First Ladies of the Hillside: A better future for all families
The First Ladies of the Hillside are forging a new path for themselves. Their friendships formed and grew on Zoom during the pandemic. And now, they are looking beyond their group, and how to help all families in the Hillside.
They are also helping UMD students understand more about the ways of the world. Grace McLarnan is one of those students. She is now a fixture in the First Ladies. She met them through a brain development class lead by Molly Harney.
"They’ve had their struggles, of course. But they embody a saying a teacher in high school told me. Lift as you rise. They are growing personally, and they are trying to give other people a hand up as well," Grace told us. "They are so positive, trying to make things better for their kids."
Another student is Erika Doetkott, who told us that the ladies are teaching her about trust, in others and in herself. "They are truly some of the strongest women I know. They’ve taught me confidence, and how to be confident in myself," Erika shared.
Those relationships and insight will help these young women in their futures, and are an education that money can’t buy. It’s music to the leaders at the Duluth Superior Area Community Foundation.
"That’s what we’re about. Upstream impact, changing direction, changing outcomes, and providing opportunity and hope," Shaun Floerke told us. He’s the new executive director at the DSACF.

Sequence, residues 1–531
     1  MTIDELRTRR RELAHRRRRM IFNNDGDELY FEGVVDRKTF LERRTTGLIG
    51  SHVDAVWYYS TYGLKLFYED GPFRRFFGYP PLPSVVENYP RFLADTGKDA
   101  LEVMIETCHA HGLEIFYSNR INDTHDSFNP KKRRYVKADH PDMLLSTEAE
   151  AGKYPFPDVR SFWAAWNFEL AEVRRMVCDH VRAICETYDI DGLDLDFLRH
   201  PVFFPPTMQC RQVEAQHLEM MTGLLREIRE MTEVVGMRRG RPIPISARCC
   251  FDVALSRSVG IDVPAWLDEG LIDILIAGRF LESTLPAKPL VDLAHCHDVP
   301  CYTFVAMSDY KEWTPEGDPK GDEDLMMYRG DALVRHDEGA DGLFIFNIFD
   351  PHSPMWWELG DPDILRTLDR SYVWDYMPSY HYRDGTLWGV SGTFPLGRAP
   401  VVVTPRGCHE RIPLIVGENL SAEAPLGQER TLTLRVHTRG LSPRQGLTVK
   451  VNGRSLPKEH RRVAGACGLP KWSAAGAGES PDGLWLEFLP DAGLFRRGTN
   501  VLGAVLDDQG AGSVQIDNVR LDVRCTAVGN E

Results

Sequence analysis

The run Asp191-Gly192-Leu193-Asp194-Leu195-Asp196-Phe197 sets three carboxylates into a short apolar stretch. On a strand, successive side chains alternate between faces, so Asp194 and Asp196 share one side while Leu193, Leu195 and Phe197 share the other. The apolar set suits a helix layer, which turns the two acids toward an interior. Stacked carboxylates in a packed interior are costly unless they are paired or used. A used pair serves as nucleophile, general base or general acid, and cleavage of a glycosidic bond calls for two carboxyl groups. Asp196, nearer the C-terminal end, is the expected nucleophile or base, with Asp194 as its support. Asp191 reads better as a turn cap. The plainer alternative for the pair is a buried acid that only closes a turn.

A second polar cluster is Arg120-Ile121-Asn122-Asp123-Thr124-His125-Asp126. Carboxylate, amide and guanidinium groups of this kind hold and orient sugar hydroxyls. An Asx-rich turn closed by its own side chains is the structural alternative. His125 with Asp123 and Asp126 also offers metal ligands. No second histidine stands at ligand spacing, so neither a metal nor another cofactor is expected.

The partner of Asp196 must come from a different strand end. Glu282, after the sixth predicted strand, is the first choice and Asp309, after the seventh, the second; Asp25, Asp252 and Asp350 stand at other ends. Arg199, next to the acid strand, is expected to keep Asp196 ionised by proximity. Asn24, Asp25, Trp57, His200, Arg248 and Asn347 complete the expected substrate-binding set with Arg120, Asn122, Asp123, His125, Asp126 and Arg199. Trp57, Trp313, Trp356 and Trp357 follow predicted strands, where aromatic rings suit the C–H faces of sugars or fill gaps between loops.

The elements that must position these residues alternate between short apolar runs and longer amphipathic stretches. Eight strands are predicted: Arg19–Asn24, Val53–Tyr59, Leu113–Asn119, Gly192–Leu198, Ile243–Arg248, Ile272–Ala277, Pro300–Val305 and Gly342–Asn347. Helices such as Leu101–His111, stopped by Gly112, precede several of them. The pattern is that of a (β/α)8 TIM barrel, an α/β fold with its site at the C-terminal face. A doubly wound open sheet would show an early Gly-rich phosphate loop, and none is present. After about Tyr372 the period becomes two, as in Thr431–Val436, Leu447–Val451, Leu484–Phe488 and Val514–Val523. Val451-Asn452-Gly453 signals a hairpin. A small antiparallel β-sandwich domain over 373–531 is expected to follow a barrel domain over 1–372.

Money from the foundation helped pay for Wi-Fi at the Steve O’Neil apartments, which connected the women during the pandemic.
"You take away some barriers, and open a few doors, and people thrive," Floerke said.
And they grow. Rachel Ross, one of the First Ladies, said, "It’s a lot harder to hold on to the hate, than it is to be happy. I’ve forgiven a lot of people in my life."
She’s also growing vegetables in the garden beds at Steve O’Neil. "It takes me home, a little bit," she said.
Nuturing is in their nature. In fact, they plan on taking their imperfections and turn them into a focused future. "Even though we have checkered pasts, you still matter. You’re still people," Amber Pelfrey said, another First Lady.
She is pursuing a degree in criminal justice. "I want to work with high-risk youth, and try to stop them from going down the wrong path," she added.
First Lady Rhoda Warbok wants to provide solace to those suffering with substance abuse. "I want to be a licensed alcohol and drug counselor. I’d love to work with CAIR and with Fond du Lac," she said.
And Heather Zellner, another First Lady, is on a journey of self-discovery. "I am learning more about my disabilities, to help other moms out there. And let them know they can do it, with just a little bit of help."
They all want to create a space for other mothers to come and learn, laugh, and love.
"We have big dreams to build a community center, to help the children in the community, the mothers," shared another First Lady, whose identity we are protecting.
They’re meeting on Wednesdays at the Damiano Center with other community leaders and organizers. Mayor Larson stopped by this Wednesday, and said she was there to listen. "I’m here to find out how the city can show up for you in a way that’s meaningful," she told them.
During the hour or so meeting, the ladies shared their efforts so far, with the needle recovery, coffee, and their art. All just a few steps from home, for most of them.
Where each day, they give it their best. "We are going to make a difference in the Hillside," Rachel said.
Even when it’s hard. "I’ll take a bad day sober over a good day high anytime," Rhoda added.
Because they know, the First Ladies, have their backs. "We’re very much a family. It’s kind of like, building your own family. I love these women."
Invisible No More.